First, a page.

As a biker, when I get done on a long ride I lay my bike in the grass and go take a nap. On a horse, when I get done with a ride, the work just beings, I have to carry water, lift hay, and then brush/clean the horse, and brushing is hard work when you're already tired to begin with.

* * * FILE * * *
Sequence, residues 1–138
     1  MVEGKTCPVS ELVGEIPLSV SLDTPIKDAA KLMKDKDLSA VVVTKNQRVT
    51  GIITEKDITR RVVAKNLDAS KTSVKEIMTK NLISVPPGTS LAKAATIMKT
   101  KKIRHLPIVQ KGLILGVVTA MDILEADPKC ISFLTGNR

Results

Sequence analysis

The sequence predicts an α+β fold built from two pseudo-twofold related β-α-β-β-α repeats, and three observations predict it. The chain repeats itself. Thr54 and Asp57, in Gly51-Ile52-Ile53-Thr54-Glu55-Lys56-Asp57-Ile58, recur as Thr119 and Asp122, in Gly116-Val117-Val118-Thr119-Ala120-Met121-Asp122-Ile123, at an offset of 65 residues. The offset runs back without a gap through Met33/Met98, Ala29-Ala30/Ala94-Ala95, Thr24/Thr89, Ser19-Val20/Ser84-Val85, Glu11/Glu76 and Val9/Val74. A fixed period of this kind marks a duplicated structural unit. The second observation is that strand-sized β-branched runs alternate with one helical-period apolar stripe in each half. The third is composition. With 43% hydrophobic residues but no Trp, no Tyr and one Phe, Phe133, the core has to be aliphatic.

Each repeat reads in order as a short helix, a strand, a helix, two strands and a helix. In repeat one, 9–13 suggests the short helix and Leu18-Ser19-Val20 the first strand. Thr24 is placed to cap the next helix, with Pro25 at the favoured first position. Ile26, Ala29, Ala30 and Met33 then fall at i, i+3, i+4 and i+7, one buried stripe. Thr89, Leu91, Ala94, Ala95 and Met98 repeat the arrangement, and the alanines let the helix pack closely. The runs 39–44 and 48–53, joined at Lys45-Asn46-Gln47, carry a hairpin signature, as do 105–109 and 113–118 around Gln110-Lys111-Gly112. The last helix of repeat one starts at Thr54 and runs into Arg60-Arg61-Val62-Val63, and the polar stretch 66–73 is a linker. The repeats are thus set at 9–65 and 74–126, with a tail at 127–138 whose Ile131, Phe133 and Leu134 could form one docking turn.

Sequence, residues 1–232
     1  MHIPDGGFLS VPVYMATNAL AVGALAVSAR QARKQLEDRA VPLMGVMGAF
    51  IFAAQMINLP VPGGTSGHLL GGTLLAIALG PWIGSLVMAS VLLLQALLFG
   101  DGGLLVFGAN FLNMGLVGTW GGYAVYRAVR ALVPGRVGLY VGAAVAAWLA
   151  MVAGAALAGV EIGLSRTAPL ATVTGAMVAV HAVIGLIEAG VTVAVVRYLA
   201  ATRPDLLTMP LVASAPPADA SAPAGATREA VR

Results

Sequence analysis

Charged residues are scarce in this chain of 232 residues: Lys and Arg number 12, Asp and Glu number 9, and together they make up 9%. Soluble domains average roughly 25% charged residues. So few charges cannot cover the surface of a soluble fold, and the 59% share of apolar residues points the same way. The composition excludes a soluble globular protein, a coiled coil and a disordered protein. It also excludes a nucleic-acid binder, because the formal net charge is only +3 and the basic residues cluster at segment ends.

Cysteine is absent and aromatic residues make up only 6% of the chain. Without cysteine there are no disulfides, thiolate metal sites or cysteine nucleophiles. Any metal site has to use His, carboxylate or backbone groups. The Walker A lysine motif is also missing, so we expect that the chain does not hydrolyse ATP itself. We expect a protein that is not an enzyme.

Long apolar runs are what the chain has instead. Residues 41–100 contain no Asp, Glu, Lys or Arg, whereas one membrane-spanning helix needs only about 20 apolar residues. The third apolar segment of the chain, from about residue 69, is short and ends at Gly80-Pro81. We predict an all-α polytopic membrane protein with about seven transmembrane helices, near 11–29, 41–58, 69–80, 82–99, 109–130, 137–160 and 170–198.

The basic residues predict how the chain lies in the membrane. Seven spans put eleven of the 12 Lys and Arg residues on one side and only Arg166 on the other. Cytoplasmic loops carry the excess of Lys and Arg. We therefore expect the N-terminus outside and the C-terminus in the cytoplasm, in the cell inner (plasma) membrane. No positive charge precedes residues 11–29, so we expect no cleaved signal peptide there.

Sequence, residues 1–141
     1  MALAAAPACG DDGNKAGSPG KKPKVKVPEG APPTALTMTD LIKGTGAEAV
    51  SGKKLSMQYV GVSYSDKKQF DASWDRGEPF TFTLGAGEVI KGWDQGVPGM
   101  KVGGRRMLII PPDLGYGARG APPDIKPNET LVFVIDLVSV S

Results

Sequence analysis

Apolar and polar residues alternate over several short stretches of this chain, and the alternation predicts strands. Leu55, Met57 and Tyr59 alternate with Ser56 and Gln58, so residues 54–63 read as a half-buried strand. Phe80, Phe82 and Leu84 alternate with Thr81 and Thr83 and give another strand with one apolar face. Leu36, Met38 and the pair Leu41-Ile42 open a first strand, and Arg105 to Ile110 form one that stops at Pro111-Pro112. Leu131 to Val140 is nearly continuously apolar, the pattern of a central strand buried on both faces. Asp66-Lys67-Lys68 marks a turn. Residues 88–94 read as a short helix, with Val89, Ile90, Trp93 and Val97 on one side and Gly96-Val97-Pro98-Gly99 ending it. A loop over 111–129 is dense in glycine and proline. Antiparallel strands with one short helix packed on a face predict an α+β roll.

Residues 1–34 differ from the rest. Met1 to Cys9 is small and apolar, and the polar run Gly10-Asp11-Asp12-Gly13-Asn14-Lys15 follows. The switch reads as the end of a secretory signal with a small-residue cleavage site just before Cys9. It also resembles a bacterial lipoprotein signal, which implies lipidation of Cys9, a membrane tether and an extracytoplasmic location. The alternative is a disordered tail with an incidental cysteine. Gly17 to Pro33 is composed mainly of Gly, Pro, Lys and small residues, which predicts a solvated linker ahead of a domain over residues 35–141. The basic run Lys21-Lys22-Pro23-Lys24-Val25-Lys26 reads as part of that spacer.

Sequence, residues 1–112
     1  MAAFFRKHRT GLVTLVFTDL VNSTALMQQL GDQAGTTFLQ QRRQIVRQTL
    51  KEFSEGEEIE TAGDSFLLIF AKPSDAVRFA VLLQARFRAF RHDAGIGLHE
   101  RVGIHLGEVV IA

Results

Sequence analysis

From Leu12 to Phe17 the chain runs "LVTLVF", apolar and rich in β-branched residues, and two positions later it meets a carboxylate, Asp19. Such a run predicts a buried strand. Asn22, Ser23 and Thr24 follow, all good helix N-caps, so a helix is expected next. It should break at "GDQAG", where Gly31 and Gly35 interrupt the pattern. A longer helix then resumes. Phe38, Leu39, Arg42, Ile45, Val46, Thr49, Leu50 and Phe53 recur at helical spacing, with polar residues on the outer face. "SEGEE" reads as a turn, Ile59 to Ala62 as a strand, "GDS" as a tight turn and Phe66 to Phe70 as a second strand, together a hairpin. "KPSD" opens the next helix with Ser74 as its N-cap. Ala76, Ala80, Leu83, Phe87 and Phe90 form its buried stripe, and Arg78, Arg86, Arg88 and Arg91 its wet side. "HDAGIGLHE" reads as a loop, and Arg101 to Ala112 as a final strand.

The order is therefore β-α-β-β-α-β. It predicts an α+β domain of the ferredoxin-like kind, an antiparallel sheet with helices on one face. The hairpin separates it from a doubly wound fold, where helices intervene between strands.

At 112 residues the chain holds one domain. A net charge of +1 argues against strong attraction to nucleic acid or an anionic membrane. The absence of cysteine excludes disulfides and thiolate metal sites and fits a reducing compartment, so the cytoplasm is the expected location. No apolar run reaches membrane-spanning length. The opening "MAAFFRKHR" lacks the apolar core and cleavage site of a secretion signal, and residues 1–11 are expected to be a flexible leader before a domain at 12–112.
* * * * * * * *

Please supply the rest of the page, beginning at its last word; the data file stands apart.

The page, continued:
As a biker, when I want to go somewhere, I just hop on the bike a pedal. No problem. With a horse, after you get it saddled and bridled, (and I'm not going to tell you I'm good at that, but before the trip was over, I had actually done it myself a couple of times with Ruth checking it afterwards) you just can't hop on it and go. Once when I was putting the saddle on, Maggie nipped me on the shoulder, as if to say, "Don't tighten that cinch too much." A horse has a mind of its own, and it really helps to have an experienced horseman along to explain things. First of all, a horse just wants to eat. For Maggie, in particular, food was all she cared about. Her heart was not in going from point A to point B, it was to go from point A to the best grass. Second, there are two kinds of animals in the world, predators, and prey. Horses are prey. It's a good thing, too, because if they weren't, not very many people would be riding them. But an untrained and inexperienced horse will spook at anything, a rock, a tree stump, deer, even waves in a lake, or the sound of a brook. And Third, a horse is a herd animal, and they generally hate to go riding off alone, despite what you see in the movies. If you try to separate a couple of horses used to being together, the one left behind will often have a hissy fit, and the horse doing the leaving may not go very willingly. It seems that to be a successful horseman, one must be somewhat of a psychologist to deal with these things.